Warren Feeney – 21 April, 2011
Further claims about the artist's typography and design practice as challenging or ‘risky,' by a designer without formal graphic training who preferred to ‘trust his own artistic judgement' are equally questionable. The description of his art in the 1930s as an ‘alchemy of diverse influences,' is also not quite the remarkable alchemic polarity it claims to be.
A Fantastic Art Venture
11 February - 15 May 2011
(This review’s posting was delayed in the hope that, after the big February earthquake, the Christchurch Art Gallery would open before the show’s scheduled closing date. As that is not going to happen, and as Warren’s review is of public interest anyway, I’ve decided to put it up. JH.)
Concealed within this comprehensive survey of drawings, paintings, prints and publications by Leo Bensemann is a great exhibition waiting to get out. As co-founder of the Caxton Press (1937) and designer of The Group’s exhibition catalogues (1940-1977), Leo Bensemann (1912-1986) was an influential figure in contemporary arts practice in Canterbury for over 30 years. However, Leo Bensemann: A Fantastic Art Venture, does what all retrospective exhibitions should and should not do, revealing anew a talented artist, yet over-representing weaker aspects of his practice. To its credit, the inventiveness of Bensemann’s art is evident in his work as designer and printmaker. Yet, the inclusion of numerous portraits and landscapes equally exposes the constraints of his practice as a regionalist painter.
Based on the mistaken premise that painting is at the top of a fine arts food-chain that always represents the very best of ideas, the attention that A Fantastic Art Venture gives to Bensemann’s paintings distracts from a closer consideration of the legacy of superb designs, drawings and prints.
And Bensemann was a skilful designer, with the best of his portraits persuasive because of their formalism. Laurence Baigent (1938) and Portrait of Mary Bensemann (1943) are highlights, with the Baigent portrait a lesson in elegant modern Art Deco style. In other portraits Bensemann’s figures seems too self-conscious, parading a public personas at the expense of an insight into more complex aspects of personality. Similarly, his landscapes adopt the style of hard-edged regionalism but reveal little genuine response to the landscape itself in the way that painters such as Rita Angus achieved. Bensemann’s works seems more about celebrating a way of painting, rather than the artist being an active participant in particular painting conventions.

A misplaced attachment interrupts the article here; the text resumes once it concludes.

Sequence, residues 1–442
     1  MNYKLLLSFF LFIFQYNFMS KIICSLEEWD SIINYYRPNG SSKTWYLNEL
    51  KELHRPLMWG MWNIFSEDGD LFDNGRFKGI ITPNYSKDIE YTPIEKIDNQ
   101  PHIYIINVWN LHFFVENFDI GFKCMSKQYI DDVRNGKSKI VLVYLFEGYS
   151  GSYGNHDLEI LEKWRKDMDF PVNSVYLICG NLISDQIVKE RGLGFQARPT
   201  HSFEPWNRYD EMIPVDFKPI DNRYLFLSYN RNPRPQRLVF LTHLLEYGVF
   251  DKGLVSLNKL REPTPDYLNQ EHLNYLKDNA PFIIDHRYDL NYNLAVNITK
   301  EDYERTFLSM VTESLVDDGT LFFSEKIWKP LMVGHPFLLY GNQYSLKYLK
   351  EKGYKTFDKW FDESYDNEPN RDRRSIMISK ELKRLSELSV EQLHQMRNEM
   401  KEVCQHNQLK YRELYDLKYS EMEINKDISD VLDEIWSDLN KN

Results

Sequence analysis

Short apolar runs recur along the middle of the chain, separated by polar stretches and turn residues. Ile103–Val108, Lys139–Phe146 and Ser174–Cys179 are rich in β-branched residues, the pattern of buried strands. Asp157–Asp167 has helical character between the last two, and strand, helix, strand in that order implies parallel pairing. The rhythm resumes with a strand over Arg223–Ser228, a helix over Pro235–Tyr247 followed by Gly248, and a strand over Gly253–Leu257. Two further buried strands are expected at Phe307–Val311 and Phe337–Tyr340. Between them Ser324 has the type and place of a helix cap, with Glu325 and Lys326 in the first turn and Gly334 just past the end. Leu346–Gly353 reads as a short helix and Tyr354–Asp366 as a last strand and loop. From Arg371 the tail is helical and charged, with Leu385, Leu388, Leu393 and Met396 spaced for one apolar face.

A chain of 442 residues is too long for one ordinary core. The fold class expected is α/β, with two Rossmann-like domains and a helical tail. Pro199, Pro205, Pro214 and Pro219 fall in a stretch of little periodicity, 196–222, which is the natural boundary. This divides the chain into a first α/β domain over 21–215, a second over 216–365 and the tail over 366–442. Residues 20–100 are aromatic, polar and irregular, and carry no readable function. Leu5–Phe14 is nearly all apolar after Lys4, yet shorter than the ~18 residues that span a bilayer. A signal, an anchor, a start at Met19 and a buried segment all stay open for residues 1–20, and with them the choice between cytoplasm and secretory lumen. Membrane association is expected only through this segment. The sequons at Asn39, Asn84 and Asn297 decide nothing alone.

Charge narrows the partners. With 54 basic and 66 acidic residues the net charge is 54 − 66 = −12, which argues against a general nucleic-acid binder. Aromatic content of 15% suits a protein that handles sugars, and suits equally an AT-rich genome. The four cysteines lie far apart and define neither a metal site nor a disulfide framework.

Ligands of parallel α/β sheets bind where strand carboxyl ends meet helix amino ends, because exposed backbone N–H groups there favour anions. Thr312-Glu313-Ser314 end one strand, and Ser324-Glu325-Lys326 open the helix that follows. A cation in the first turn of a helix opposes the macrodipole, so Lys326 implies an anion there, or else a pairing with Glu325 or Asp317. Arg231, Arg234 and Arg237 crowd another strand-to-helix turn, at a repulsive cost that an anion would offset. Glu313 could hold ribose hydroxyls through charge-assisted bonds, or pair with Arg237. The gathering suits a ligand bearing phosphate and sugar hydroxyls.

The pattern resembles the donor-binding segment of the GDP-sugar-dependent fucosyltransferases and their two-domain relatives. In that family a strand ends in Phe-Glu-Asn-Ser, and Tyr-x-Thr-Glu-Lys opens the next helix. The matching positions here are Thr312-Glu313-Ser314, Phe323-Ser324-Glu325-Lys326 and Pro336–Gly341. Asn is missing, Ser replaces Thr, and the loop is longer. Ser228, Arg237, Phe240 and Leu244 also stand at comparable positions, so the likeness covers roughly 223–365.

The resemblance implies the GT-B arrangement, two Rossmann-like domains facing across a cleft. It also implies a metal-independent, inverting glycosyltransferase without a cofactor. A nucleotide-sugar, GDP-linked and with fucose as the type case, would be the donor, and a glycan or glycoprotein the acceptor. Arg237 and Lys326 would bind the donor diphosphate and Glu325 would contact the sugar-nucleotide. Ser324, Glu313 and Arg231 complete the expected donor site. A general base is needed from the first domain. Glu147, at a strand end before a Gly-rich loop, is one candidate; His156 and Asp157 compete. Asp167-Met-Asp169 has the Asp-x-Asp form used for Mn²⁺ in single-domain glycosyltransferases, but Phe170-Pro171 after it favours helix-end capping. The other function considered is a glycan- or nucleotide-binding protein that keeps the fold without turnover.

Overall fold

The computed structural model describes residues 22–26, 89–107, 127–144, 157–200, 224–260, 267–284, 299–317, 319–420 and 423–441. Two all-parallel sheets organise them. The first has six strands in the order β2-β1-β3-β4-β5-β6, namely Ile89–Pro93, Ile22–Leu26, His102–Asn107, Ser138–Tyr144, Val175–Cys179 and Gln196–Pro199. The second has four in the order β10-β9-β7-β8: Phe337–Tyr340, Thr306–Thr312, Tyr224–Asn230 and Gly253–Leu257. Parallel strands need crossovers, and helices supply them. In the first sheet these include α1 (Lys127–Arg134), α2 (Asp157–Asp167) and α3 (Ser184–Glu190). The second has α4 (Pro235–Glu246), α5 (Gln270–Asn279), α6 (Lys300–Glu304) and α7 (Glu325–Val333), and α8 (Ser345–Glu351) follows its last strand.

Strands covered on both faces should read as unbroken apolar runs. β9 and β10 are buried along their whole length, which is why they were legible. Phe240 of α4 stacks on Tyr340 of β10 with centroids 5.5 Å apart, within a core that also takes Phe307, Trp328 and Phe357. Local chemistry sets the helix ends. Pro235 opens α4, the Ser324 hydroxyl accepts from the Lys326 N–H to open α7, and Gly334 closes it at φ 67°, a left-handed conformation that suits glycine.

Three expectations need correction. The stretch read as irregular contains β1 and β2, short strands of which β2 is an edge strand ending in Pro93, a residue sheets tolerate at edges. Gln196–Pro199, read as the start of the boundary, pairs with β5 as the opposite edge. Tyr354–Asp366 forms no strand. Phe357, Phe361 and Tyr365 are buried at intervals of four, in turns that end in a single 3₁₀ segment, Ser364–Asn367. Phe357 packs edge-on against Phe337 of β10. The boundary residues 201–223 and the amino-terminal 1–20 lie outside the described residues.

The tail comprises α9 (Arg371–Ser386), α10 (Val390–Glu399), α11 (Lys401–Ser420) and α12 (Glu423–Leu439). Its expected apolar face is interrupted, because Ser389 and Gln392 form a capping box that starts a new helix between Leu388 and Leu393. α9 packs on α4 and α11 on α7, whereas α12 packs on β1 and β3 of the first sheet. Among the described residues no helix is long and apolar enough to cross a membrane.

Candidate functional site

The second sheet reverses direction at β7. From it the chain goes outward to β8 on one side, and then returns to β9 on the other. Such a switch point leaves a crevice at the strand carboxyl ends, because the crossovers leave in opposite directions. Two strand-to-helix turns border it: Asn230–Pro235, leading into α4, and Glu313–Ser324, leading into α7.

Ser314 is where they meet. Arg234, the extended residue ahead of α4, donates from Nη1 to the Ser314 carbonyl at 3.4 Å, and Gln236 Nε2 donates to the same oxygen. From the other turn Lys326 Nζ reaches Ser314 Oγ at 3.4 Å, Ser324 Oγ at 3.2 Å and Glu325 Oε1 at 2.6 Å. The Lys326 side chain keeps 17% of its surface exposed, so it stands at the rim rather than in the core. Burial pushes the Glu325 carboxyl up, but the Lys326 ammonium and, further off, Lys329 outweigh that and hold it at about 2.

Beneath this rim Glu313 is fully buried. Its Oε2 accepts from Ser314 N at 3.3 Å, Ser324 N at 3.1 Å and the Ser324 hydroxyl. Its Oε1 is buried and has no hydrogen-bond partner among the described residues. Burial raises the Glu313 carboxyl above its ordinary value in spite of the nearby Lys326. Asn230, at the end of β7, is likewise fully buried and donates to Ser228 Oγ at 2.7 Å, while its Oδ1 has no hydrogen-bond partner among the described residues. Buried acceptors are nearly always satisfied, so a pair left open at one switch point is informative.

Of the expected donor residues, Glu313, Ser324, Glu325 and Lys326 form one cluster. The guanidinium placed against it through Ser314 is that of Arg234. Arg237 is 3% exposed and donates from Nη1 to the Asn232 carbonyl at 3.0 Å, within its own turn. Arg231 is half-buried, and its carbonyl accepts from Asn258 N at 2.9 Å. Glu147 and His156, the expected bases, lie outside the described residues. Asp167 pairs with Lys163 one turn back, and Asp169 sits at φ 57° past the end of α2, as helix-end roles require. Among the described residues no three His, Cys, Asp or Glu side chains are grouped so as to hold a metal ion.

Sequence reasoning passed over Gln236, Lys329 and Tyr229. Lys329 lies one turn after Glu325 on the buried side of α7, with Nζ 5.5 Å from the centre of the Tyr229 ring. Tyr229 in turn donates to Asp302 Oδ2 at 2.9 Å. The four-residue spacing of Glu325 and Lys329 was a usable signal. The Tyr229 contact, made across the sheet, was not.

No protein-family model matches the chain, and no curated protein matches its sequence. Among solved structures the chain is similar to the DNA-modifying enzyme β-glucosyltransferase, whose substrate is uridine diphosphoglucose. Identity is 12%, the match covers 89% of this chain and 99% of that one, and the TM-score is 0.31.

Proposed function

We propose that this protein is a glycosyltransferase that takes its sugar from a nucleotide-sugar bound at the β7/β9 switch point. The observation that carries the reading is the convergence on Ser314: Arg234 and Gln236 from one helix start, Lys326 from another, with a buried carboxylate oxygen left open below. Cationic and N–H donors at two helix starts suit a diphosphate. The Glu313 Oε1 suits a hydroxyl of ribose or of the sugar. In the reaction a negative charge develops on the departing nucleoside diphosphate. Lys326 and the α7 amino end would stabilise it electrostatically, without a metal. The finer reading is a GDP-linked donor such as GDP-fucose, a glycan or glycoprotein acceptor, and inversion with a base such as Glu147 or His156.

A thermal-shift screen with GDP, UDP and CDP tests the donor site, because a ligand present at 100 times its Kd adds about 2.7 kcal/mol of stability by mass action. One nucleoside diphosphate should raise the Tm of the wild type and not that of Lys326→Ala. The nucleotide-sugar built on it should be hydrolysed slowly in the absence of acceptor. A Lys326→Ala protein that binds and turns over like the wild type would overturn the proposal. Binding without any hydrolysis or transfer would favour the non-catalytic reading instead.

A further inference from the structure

A comprehensive and well-designed publication by Peter Simpson accompanies this exhibition and although impressive in its detail and documentation, it overstates the case for Bensemann as a talented, but artistic outsider. Claims that Bensemann‘s commitment to landscape painting in the 1960s occurred as younger painters embraced abstraction are contextualised as the decision of a ‘non-conformist who paid little attention to the ebb and flow of artistic fashion.’ However, with less than a handful of dealer galleries throughout the country and an arts community still largely unfamiliar with European abstraction, the best contemporary New Zealand art until the early 1970s was considered to be hard-edged landscapes and figure paintings by artists such as Don Binney, Robin White and, in Canterbury, Bensemann.
Further claims about the artist’s typography and design practice as challenging or ‘risky,’ by a designer without formal graphic training who preferred to ‘trust his own artistic judgement’ are equally questionable. The work for The Group and art publication Ascent (1968), reveal Bensemann’s mainstream position, responding to the influence of British Neo-Romanticism in the 1950s and Geometric Abstraction in the late 1960s. Similarly, the description of his art in the 1930s as an ‘alchemy of diverse influences,’ (balancing German folk tales with New Zealand’s modernism) is not quite the remarkable alchemic polarity it claims to be. Regionalism was an international art movement that embraced earlier historical/cultural traditions. What about Rita Angus’s Otago landscapes and medieval Japanese printmaking, Colin McCahon’s The Marys at the Tomb and Quattrocento painting, or Gordon Walters and Māori rock art? Like many of his contemporaries, Bensemann’s work also referenced indigenous art and culture.
Certainly, the magic of this exhibition resides in Bensemann’s work with the Caxton Press and the section titled, Behind the Mask, encompassing The Group catalogue designs, prints and pen and ink drawings. There isn’t a series of illustrations comparable to Bensemann’s Fantastica, (1937) in New Zealand’s cultural history. These imaginative black and white Audrey Beardsley-inspired illustrations represent a curious and compelling response to Christopher Marlow’s Doctor Faustus while wood engravings such as Ball Dance (1949) or the pen and ink drawing Nastagio and the Obdurate Lady (1940), invite comparison with Nicola Jackson’s drawings and prints, but Bensemann’s imagery is supremely weirder.
A Fantastic Art Venture? The exhibition’s title seems almost a disclaimer, excusing Bensemann for the strange places that he sometimes took his paintings to, yet when considered in the light of his designs and prints it becomes the perfect phrase and adjective for an arts practice, deserving of the attention that this exhibition has sought to bring to it.
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